How to Tell If a Friend Is Toxic (and What to Do About It)

Two friends sitting separately having a serious conversation in cafeOur relationships are important. The people we spend our time with set the tone for whether we end up being authentically who we are made to be.

Friends are there to support us when we go through tough times, hold us accountable to our goals, and challenge us to think about our values and beliefs. The ones we surround ourselves with can play a part in either helping us grow or keeping us stagnant.

A healthy friendship is give-and-take. It can feel lopsided at times, as when you are going through something and your friend puts their own things aside to help (or vice versa). But it doesn’t continue that way for long, and it balances out over the years.

So what is a toxic friendship, how do we recognize it, and why do we stick with toxic friends for so long?

What Does It Mean to Be a Toxic Person?

Clinically, there is no definition that applies to “toxic” people. Generally speaking, toxic people are recognized by personality traits that put them in what is known as the “dark triad” in psychological circles. The dark triad includes those who have traits of narcissism, psychopathy, or Machiavellianism.

According to Delroy Paulhus, a researcher in the dark triad, narcissism describes “grandiose self-promoters who continually crave attention.” So-called psychopaths are those who can (and often do) cause serious harm with their callousness, but lack the grandiosity of a person with narcissism. And Machiavellians are considered everyday manipulators. Most of us run into someone from all three of these areas often in our lives.

Based on those descriptions, it may be uncomfortable to put our friends into those categories. However, many people who fit into them can also be described as charming, ambitious, productive, and confident.

How Can We Recognize Toxic People?

Toxic people are the ones who are hard to be friends with. We often feel loyal to them for one reason or another—the length of time we’ve known them, the difficulty they’ve experienced in their life, or some guilt they have put upon us at the notion of setting a boundary with them.

We can usually recognize toxic people when we examine our feelings about them when they aren’t around. Does being around this person make us feel good about ourselves? Do we leave conversations with them feeling heard and supported? Are we able to be ourselves around them, or do we feel as if we constantly have a guard up? Have we seen them be manipulative or gossip about others?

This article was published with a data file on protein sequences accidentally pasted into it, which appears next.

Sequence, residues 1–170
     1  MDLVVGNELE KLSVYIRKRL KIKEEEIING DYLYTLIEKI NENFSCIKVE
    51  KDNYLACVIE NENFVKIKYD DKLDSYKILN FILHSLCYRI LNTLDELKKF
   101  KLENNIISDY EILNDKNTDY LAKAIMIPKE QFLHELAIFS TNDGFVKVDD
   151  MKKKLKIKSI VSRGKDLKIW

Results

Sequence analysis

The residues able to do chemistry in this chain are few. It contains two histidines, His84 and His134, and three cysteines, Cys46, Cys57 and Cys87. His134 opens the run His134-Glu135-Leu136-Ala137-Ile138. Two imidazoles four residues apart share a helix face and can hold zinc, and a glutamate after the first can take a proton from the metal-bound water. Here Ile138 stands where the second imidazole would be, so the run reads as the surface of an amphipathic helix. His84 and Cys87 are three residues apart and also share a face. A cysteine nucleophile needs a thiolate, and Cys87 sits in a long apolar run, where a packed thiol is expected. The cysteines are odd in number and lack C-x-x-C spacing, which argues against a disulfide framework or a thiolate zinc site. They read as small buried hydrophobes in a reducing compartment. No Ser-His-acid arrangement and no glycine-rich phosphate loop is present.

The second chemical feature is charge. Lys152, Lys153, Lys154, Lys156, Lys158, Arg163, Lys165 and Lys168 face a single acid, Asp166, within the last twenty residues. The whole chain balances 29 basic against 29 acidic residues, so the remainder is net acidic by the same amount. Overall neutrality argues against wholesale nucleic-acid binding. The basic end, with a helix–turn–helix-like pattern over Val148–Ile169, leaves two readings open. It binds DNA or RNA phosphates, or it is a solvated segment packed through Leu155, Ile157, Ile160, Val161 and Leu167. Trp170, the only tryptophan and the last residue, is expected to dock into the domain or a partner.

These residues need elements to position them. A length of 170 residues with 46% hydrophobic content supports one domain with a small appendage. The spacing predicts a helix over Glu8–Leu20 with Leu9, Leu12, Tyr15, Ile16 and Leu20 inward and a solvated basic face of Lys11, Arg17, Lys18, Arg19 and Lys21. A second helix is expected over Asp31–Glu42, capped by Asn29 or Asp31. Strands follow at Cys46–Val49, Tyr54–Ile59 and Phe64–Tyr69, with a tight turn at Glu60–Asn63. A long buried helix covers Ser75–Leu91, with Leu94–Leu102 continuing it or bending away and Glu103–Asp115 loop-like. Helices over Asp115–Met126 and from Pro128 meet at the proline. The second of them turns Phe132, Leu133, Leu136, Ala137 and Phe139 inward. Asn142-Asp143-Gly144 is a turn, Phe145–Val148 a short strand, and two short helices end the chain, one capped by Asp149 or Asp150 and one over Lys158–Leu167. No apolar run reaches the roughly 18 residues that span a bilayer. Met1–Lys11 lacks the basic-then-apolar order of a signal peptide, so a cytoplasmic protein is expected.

When you are around people who are toxic, you may feel drained after interacting with them. This is because it is usually about them and their lives or problems, requiring you to give more than you receive.

Why Do We Keep Toxic Friends Around?

There are many reasons we stick it out with toxic friends. Fear is usually high on the list.

We fear cutting off toxic people because we have seen how they respond when others do not behave in the way the toxic person would like.

Toxic people often toe the line between being unhealthy friends and being downright bullies. It can be difficult to set boundaries with someone like this, knowing the consequences will likely take a heavy emotional toll.

We may have seen them become resentful, mean-spirited, or gossip and spread lies about others who didn’t comply with their expectations, and we worry that this may happen to us.

Toxic people often toe the line between being unhealthy friends and being downright bullies. It can be difficult to set boundaries with someone like this, knowing the consequences will likely take a heavy emotional toll.

Often, there are other fears involved. When someone has been in your life for a long time, there can be an underlying fear that you won’t find healthier friends. Ironically, these negative feelings about yourself can stem from having toxic people in your life who reinforce them.